HORRY COUNTY, SC (WMBF) - Your child may be sharing a classroom with more students in the future, a change the Horry County school district is considering in order to cut costs.
The Horry County Schools Finance Committee is discussing adding more students in middle and high school classrooms in the coming years, one student for the 2017 school year, and another, the following.
Right now, each classroom averages about 25 students.
That change would make room for the 900 additional students expected to enroll in the district in the coming year.
It would also save the school district about $2.5 million, according to Horry County School Board Chair Joe DeFeo, because the district would hire fewer teachers.
"Reduction of 16.5 positions at middle school and 21.5 positions at high school level," school board member Jeffrey Garland said.
The spokesperson for the school district said, she does not anticipate any teachers to be let go; teachers who retire or move on, compensate for those numbers.
"No teachers, in my opinion, stand any chance of losing their jobs," DeFeo said.
Parent, Jessica Pickett said, the school board should add more teachers, not cut back.
"A child's education, that should be more important than cutting costs," Pickett said. "I feel like the teacher should have a little more one on one time with the kids."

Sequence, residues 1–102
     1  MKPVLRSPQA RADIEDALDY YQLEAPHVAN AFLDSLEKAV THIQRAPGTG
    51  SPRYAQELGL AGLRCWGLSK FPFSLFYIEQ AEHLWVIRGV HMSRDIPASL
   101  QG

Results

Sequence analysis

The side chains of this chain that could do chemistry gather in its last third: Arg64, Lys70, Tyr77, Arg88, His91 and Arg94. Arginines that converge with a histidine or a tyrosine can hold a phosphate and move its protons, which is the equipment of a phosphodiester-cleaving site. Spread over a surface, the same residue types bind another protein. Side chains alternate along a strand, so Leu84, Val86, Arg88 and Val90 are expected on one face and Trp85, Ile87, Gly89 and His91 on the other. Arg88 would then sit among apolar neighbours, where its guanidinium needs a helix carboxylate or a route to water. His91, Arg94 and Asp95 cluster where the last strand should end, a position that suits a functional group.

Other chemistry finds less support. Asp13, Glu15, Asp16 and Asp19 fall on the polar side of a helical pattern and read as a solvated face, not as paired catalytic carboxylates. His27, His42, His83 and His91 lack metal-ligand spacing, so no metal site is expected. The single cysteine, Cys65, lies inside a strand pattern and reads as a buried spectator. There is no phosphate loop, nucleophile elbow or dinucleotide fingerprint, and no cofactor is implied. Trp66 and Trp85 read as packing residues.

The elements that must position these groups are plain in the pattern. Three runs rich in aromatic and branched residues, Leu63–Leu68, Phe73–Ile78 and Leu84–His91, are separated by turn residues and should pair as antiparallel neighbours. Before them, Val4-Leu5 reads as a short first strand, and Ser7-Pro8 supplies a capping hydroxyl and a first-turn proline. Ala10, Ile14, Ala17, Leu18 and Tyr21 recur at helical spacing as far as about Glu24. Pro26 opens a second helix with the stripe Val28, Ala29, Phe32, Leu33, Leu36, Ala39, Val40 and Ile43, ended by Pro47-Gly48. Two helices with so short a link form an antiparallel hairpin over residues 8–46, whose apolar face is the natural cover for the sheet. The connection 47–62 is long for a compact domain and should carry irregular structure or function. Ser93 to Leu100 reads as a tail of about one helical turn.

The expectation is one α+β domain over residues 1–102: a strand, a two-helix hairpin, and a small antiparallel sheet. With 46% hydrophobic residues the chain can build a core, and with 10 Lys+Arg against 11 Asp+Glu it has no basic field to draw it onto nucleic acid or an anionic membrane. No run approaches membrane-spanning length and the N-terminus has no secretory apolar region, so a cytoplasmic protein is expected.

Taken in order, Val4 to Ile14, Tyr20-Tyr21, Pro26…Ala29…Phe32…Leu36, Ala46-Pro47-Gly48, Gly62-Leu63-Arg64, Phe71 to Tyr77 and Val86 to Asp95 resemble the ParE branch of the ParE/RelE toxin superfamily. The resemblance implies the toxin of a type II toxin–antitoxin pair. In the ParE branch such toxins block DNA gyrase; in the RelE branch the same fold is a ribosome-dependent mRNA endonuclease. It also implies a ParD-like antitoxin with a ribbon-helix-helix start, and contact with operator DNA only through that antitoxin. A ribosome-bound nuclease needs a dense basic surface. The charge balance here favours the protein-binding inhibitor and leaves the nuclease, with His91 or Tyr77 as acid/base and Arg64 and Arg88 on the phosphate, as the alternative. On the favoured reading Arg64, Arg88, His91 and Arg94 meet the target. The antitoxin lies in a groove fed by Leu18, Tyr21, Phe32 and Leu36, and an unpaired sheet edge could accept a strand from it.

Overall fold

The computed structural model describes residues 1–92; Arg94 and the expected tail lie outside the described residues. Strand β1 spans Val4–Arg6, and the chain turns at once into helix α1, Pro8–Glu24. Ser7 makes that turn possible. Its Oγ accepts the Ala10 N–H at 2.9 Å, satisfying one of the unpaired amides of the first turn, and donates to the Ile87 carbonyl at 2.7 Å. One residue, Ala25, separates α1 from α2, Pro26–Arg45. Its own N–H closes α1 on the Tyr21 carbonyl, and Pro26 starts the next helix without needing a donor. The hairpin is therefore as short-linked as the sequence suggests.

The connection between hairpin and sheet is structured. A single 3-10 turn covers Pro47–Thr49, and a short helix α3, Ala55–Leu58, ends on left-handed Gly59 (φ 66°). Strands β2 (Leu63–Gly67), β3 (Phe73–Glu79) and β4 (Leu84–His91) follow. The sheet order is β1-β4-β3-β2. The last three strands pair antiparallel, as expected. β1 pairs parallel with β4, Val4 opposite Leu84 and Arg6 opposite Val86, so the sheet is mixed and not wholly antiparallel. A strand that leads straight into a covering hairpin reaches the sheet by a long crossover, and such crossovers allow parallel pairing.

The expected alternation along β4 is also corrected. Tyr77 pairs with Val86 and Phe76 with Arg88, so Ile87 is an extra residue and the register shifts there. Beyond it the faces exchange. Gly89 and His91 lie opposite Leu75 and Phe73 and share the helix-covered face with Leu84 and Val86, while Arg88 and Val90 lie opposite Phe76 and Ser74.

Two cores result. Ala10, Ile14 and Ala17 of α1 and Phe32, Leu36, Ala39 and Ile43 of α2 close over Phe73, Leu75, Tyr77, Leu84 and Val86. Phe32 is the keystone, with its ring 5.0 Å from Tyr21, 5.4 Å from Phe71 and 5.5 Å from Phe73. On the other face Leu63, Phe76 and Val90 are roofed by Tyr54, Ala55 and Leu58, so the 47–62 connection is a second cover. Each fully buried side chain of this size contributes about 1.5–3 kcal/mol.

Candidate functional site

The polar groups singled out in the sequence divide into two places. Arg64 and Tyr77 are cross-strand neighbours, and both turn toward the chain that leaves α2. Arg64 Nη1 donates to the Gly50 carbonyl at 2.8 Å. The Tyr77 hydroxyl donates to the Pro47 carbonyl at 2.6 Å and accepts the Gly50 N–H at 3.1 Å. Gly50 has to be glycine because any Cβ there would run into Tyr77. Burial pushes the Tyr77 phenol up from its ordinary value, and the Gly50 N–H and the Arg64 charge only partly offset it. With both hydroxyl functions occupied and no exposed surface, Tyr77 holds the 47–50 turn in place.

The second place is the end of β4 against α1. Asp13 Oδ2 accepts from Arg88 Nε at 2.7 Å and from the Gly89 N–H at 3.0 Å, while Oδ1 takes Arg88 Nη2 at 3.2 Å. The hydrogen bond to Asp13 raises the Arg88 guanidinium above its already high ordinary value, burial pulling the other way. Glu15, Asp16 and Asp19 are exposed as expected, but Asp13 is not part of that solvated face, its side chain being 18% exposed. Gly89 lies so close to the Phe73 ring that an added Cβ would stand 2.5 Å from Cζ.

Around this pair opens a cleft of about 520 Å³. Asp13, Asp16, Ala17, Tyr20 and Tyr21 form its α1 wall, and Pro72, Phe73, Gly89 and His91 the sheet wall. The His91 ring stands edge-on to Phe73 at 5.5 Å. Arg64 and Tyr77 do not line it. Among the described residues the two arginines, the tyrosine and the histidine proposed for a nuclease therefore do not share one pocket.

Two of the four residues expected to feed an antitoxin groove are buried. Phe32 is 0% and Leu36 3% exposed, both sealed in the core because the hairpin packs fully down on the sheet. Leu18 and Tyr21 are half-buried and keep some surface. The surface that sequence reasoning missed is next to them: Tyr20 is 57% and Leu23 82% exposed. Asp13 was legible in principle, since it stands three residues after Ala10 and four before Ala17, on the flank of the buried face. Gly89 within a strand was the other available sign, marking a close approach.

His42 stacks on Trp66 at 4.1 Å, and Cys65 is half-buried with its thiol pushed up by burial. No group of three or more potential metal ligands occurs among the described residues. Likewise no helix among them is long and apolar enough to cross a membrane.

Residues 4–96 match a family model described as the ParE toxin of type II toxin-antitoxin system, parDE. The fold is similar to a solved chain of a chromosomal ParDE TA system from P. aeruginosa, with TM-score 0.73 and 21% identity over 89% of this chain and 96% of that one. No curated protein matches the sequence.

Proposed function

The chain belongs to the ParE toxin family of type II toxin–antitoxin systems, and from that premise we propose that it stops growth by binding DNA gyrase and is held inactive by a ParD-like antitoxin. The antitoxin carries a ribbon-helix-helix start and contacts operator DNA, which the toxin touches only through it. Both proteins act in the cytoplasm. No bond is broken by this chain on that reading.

"In the fall of 2013, as part of the motion that approved the funding for and provided for digital devices, it included an increase in the average class size by 2 students for each grade level that received the devices. School administration said that these devices would help teachers better manage the classroom and meet the student's individual educational needs. School administration has asked the board to delay implementation of this the past 2 years which the board agreed too. Thus, this is increase is not new as it was approved about 2 years ago but just has not been implemented yet." Garland said in an email.
DeFeo says its more than just to incorporate PDL. Other costs include building new schools, and adding more English as a Second Language, or ESOL teachers, to meet government requirements.
"Mandated by federal law, a student walks in a school, they don't have to provide citizenship residency or anything we must teach them, that's all well and good, but they do not give us the money to teach them," DeFeo said.
DeFeo said a focus for the board is to look at the current programs, make sure they're working and if they're not then we need to cut them.
The Board of Education will discuss this proposal at its next meeting on December 14.
Defeo said he hopes to have a decision in January, but the actual budget for the district isn't finalized until June.